Industrial solar heating facilities have been built at various times and places in response to economic and to some extent, environmental concerns. Historically, uncertainty in future upside fuel prices has been a strong motivating force for developing these plants.
An example of a solar heated thermal process is solar heated absorption chillers. These machines make chilled water for use in air conditioning systems. While technically feasible, whether or not this makes practical economic sense depends on the specific circumstances. THERMOFLEX can help with this analysis.
THERMOFLEX was used to analyze one technical aspect of this issue: how much real estate is needed to install a solar field to run the amount of chillers needed to air condition a building? The building is located in a hot climate with reasonable solar conditions, such as the US southwest where a significant amount of energy is used for air conditioning for seven to nine months per year.
Absorption chillers consume low to moderate grade heat and produce chilled water suitable for air conditioning. When connected to “waste heat” streams, absorption chillers can be used to save energy.
Single stage (effect) absorption chillers make use of hot water streams in the 185 to 195 F range, and have nameplate COPs in the 0.65 to 0.75 range. Two-stage (double-effect) chillers get heat input at higher temperatures, typically in the 325 to 350 F range, but are more efficient with COPs in the 1.25 to 1.4 range.
In hot locations, the rule of thumb for sizing commercial building air conditioning systems is to install one ton of refrigeration for every 280 square feet, on average. Variations in building construction details and space usage mean the actual value for a particular building and location can range from 360 to 190 ft2/ton.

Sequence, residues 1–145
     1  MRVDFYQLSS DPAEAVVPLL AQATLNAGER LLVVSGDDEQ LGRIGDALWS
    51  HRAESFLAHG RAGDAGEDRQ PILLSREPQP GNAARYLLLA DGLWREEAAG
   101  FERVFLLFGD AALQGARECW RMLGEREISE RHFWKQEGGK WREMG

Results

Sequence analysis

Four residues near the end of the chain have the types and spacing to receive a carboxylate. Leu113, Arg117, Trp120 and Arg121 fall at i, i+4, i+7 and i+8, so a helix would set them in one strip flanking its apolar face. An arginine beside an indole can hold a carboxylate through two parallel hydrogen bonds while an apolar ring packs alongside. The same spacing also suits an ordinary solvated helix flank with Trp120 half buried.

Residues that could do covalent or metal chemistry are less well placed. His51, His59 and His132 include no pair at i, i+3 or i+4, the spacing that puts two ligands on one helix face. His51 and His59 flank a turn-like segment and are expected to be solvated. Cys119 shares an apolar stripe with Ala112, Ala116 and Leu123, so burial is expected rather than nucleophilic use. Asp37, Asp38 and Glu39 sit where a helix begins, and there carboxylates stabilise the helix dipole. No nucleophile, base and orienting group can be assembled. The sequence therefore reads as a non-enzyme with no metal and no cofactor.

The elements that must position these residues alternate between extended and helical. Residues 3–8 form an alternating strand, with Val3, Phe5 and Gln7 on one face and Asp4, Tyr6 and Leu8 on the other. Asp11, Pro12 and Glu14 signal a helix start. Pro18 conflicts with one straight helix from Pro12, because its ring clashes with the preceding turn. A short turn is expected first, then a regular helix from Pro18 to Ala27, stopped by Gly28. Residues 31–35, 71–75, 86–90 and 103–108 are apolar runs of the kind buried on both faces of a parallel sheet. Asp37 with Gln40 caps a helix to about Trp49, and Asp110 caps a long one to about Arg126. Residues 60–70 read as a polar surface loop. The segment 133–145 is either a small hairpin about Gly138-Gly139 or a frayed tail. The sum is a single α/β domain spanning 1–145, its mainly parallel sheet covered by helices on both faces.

A THERMOFLEX model of a small collector model servicing an absorption chiller circuit was built to estimate solar field size for a given A/C load. The model is shown below with values established for a single story commercial building with 4000 ft2 of conditioned space, requiring a nominal 15 tons of refrigeration capacity.
Solar design conditions are 781 W/m2 DNI on August 15 at 35˚ North, zenith angle of 21.22 degrees and azimuth angle of 180 degrees.
Assumed solar collector nominal optical efficiency is 70%. The collector aperture is 5 ft, the concentration ratio is 48, the focal length is 1.5 ft, and the row pitch is 2.5. Relatively small flows require use of smaller receiver tubes; 1.25 inch nominal OD is used here.
Model results for a single stage absorption chiller with COP of 0.7 , heated by 195 F water, indicate 455 ft2 of solar field land area is required per nominal ton of refrigeration. This means the field would be 162.5% the size of the single-story building’s footprint.
The more efficient double effect chiller, with COP=1.4, requires water at 350 F, but yields a smaller field for the required heat input. In this case, land area for the solar field is 270 ft2 per nominal ton of refrigeration. This is about the same as the building's specific cooling load. That result implies a solar field with the same footprint as the building could provide the required heat input to run the chiller under these conditions.